Nota Bene: Via the Wapo.

Online misinformation about election fraud plunged 73 percent after several social media sites suspended President Trump and key allies last week, research firm Zignal Labs has found, underscoring the power of tech companies to limit the falsehoods poisoning public debate when they act aggressively.

Quick Hits

1. Trump’s Dereliction of Duty on Jan. 6 is Part of His Incitement to Insurrection

Bill Kristol and Jeffrey Tulis have today’s first must-read:

The House chose not to mention this explicitly in its article of impeachment. But the dereliction of duty on the afternoon of January 6 is further evidence of Trump’s guilt. It should be an important part of the case presented to the Senate.

After all, what does it say that the president watched the Capitol being stormed on television, was implored by members of Congress to intervene—and did nothing? Donald Trump chose not to do what any president would have done in the circumstances—to mobilize the federal government to secure the Capitol. And he chose not to speak to the mob—which consisted of his supporters—to tell them to leave until hours after the Capitol was breached.

This stunning dereliction of duty shows that the president understood the attack on the Capitol as the desired result of his prior actions. His dereliction of duty on the day of January 6 is a key part of the case for impeachment, for it refutes the predictable defense of the president—that he did not mean to incite. But the truth is that if he had not meant to incite, he would have reacted with horror, mobilized the federal government, and done his best to call off the mob immediately. He did none of these things.

2. Complicit in the Big Lie

Make sure you read Mona Charen in this morning’s Bulwark. She notes that Dominion Voting Systems is going to court to get an apology from the right-wing conspiracy mongers. Where does the country go for its apology?

The 20,000-plus National Guard soldiers in Washington, D.C., along with smaller forces arrayed in state capitals, may, God willing, get us through the inauguration without any further spasms of violence. But unless the propagandists of right wing media confess and correct the record—unless they forthrightly admit that they spread lies about the election being rigged—the fury they’ve incited among a huge swath of Americans will continue to endanger the lives of public officials and crack the foundations of this republic.

The lie they propagated is what propelled those deluded people to storm the Capitol. Of course the perpetrators of the violence are fully responsible for their decisions, and some of them were clearly mentally unbalanced or extremists or criminals of various stripes. But there were also thousands of otherwise normal people who were deceived into believing that their democracy had been fatally compromised, and millions who now harbor doubts about our system’s legitimacy. Three out of four Republicans believe that Trump was the legitimate victor of the election. They couldn’t have gotten this idea entirely from Facebook posts or YouTube videos (though those platforms bear responsibility too).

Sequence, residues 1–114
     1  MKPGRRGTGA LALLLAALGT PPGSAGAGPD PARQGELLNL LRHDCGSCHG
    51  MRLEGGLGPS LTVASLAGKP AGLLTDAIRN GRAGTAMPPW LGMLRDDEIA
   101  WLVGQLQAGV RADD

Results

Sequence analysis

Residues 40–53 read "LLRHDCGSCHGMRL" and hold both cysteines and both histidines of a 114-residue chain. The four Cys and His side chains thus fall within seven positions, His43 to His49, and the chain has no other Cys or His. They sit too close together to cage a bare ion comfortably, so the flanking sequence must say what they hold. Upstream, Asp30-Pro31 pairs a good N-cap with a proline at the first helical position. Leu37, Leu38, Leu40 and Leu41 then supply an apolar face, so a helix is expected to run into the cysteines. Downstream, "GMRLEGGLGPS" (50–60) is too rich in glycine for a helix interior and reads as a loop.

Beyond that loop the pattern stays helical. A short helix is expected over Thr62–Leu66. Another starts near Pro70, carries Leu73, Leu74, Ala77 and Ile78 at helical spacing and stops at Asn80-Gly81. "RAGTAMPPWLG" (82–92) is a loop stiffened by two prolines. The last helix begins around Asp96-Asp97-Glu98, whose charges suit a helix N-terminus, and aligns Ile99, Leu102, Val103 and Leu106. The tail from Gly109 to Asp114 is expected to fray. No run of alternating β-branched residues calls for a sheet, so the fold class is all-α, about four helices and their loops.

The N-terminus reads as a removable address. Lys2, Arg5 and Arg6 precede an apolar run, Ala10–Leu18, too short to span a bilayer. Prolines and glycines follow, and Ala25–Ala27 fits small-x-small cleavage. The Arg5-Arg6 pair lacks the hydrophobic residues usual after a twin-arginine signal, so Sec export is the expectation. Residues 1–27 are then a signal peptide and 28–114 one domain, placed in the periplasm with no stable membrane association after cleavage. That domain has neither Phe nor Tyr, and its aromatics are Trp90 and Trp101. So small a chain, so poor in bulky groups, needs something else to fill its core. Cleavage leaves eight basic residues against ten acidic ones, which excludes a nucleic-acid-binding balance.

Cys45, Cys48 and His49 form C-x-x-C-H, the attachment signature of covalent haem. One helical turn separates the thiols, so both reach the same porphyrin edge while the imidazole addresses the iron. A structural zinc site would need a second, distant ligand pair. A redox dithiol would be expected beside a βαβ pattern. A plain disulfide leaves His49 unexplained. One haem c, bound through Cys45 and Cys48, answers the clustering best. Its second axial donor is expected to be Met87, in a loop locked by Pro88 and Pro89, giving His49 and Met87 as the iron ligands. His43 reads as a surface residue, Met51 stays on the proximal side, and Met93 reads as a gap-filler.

No, without the imprimatur of prestige conservative media like Fox and Limbaugh, and the support from official Republican party organs, and the complicity of Republican officeholders like Paxton, McCarthy, Hawley, Cruz, Steve Scalise, and Rick Scott, it’s doubtful that Trump’s big lie could have led where it did. The guilt is corporate.

3. Gresham’s Law of the Internet

In today’s Bulwark, Robert Tracinski points out that content moderation isn’t “censorship.” It’s what built the Internet.

Knowing the difference between this sort of thing and “censorship” or “surveillance”—knowing the difference between the actions of a private platform and those of government—is Classical Liberalism 101, and all the people on the right who are suddenly playing dumb about it should be ashamed of themselves.

The confused mess people are making of these concepts helps explain not only why Parler doesn’t have a leg to stand on in its disputes with Amazon and Google, but also why their forum was doomed to be a cesspool of racism, conspiracies, and incitement from its very conception.

Join now

Cheap Shots

Free pillows with every voting machine?

Pack your shit and go.

Ben Domenech update.

Join now

Deep Thoughts

Stoking the Flames

As the Trump presidency slouches to an end, I’ve been going back over some of the things I’ve written over the last five years. This piece, which I wrote in 2019 for America Magazine, seems relevant this week:

Despite some feeble attempts at rationalization, there was clarity to the president’s language and his larger intent. Mr. Trump was not merely using racist tropes; he was calling forth something dark and dangerous.

The president did not invent or create the racism, xenophobia and ugliness on display last week; they were all pre-existing conditions. But simply because something is latent does not mean it will metastasize into something malignant or fatal. Just because there is a hot glowing ember does not mean that it will explode into a raging conflagration.

In a healthy society, that burning ember may not ever be completely extinguished. But the mores, values and taboos of society would keep it controlled, isolated and small. Now Mr. Trump is stoking the fire.

Democracy is fragile because we are all an odd mix of prejudices, vices, virtues, bigotries and aspirations. We can be demons or angels. That’s why moral leadership matters; society can go either way. “The line separating good and evil passes not through states, nor between classes, nor between political parties either,” argued Alexander Solzhenitsyn, “but right through every human heart—and through all human hearts.”

This is why what Mr. Trump is doing is so dangerous and destructive. Abraham Lincoln appealed to our “better angels.” The president has given us permission to indulge our fouler impulses….

Someday, we can expect to read lachrymose mea culpas from members of the G.O.P. who will confess that they regretted siding with Mr. Trump or remaining silent, and they will unburden their freighted consciences in memoirs and op-ed pieces.

They will assure us that their silence did not reflect who they really are. But it did because this was the moment when they had to make a choice.

Unfortunately, this is where the G.O.P.’s Faustian bargain has led: Their moral compromises and silence have become a habit. The small surrenders become larger ones until there is nothing left.